Looks like this is meant to harm Windows OS. Any chance it can infect mobile devices, macOS…etc…?

    • It’s Java – it could attack anything java enabled inc MacOS.
      Probably the only thing it can’t attack is iOS.

  3. So if I have looked at the website but haven’t opened any suspicious emails will I get the malware? I have used that one that was linked but not downloaded anything.

    How do I check? Please give us helpful info and don’t just scare us.

  4. Could this be considered as a data concern on this map?

  5. What is going on with the updates???? this AM it was showing 1700 infected and now in the PM shows 1200???? do you hide the actual numbers or you have incompetent staff working on the stats and updates? I do not feel I can trust your updates….maybe the govt is pushing you to fudge the numbers ?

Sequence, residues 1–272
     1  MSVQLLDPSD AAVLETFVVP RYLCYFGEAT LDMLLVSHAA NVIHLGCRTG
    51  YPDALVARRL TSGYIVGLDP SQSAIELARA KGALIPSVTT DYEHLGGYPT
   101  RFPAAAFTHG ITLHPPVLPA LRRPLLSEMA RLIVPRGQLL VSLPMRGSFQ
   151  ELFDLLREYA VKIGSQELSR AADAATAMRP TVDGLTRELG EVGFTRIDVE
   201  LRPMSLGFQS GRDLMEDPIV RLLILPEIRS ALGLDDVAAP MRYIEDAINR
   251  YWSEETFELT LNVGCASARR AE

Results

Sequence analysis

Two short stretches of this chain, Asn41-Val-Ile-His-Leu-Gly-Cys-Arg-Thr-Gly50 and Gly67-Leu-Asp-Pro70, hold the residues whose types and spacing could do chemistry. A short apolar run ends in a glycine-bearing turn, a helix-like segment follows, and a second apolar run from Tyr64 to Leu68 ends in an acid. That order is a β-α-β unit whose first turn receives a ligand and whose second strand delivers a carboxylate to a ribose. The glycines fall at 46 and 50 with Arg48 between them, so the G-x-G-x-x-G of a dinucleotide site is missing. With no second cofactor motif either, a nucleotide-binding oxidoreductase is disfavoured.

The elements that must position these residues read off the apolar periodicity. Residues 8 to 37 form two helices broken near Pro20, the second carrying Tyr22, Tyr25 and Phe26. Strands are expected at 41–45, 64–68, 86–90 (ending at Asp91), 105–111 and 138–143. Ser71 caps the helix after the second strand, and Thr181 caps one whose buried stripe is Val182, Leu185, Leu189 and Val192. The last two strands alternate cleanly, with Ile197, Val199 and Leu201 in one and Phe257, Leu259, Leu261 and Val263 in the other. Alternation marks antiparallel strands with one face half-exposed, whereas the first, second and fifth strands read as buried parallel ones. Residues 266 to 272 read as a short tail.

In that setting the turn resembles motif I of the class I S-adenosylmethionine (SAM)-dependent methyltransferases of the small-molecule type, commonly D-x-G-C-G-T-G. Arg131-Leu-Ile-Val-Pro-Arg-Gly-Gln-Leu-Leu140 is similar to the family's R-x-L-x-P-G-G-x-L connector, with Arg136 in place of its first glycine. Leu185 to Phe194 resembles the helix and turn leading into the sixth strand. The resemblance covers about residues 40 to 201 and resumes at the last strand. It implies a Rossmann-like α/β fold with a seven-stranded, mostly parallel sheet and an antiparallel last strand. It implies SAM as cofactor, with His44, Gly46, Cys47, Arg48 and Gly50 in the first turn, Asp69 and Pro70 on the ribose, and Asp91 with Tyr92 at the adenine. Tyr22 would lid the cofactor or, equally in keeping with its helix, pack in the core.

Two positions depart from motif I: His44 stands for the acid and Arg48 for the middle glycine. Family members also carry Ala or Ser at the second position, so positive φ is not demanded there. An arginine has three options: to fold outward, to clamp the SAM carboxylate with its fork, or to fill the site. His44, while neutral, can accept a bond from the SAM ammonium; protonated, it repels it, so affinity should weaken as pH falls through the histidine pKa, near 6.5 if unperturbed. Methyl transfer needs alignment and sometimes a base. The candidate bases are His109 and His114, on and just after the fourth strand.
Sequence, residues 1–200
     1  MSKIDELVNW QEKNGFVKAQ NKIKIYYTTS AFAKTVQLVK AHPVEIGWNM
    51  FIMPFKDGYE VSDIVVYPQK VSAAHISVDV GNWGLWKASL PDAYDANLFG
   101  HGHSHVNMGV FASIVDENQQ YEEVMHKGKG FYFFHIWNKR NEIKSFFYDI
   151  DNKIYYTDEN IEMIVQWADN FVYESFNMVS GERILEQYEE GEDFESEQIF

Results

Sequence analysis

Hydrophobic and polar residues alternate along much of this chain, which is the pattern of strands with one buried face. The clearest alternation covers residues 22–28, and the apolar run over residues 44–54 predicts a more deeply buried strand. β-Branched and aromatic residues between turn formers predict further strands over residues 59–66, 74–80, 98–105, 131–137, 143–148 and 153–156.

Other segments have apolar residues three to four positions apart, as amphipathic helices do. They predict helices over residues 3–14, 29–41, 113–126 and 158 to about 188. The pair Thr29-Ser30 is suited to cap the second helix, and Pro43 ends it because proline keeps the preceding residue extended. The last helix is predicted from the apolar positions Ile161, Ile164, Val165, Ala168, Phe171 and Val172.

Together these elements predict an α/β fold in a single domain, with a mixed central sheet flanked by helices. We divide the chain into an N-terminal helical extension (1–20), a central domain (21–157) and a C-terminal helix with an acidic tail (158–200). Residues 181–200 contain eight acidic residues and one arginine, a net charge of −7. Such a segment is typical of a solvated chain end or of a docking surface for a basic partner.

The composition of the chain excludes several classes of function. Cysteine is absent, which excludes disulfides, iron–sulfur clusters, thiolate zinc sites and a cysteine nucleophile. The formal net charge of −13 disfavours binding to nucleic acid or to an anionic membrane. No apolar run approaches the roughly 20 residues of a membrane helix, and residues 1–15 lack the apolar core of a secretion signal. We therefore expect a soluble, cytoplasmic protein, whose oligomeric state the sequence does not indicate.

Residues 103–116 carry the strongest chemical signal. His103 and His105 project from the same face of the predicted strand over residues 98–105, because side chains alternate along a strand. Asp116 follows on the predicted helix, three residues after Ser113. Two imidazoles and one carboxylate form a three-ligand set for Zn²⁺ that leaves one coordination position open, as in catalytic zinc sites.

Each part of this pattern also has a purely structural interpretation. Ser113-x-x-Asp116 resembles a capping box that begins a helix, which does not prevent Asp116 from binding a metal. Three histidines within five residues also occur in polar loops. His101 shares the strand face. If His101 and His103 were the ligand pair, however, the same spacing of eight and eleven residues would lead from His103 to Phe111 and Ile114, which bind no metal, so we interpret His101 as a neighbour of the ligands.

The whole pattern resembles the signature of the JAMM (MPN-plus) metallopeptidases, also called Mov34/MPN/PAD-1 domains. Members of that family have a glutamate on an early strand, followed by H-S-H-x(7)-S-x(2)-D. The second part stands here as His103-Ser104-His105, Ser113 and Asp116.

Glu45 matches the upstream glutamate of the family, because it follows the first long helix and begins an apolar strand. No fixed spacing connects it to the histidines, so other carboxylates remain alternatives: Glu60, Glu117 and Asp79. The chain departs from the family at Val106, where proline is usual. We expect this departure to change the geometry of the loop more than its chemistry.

• I noticed that it went from 1700 cases this morning to only 1268 since then with data completely missing for FL, GA, TX, CO, CA especially in regard to the deaths……all of a sudden the data for the FL & CA deaths is absent. WHAT IS GOING ON WITH THIS THING?

    • I know! I’ve been freaking out about it all day! I said it must have been corrupted by someone, ie the white house.

      • The site now currently says:

        “The COVID-19 map is currently undergoing maintenance. Thank you for your patience.”

        It hasn’t been updated since before 1 pm.

    • That link is the real one. It is the same link I have been using since it was first reported by the associated press.

    • I opened that one as well. Also wondering if I’ve been compromised.